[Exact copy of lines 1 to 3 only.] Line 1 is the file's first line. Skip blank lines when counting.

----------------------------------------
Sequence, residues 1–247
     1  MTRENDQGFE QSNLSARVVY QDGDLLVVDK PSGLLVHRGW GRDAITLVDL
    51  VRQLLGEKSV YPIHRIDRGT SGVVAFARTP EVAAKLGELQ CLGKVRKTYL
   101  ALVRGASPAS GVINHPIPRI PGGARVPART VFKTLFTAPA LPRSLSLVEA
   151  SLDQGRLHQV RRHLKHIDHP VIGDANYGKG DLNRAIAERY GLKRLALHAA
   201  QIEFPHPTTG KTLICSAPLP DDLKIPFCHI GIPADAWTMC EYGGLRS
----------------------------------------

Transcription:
Sequence, residues 1–247
     1  MTRENDQGFE QSNLSARVVY QDGDLLVVDK PSGLLVHRGW GRDAITLVDL
    51  VRQLLGEKSV YPIHRIDRGT SGVVAFARTP EVAAKLGELQ CLGKVRKTYL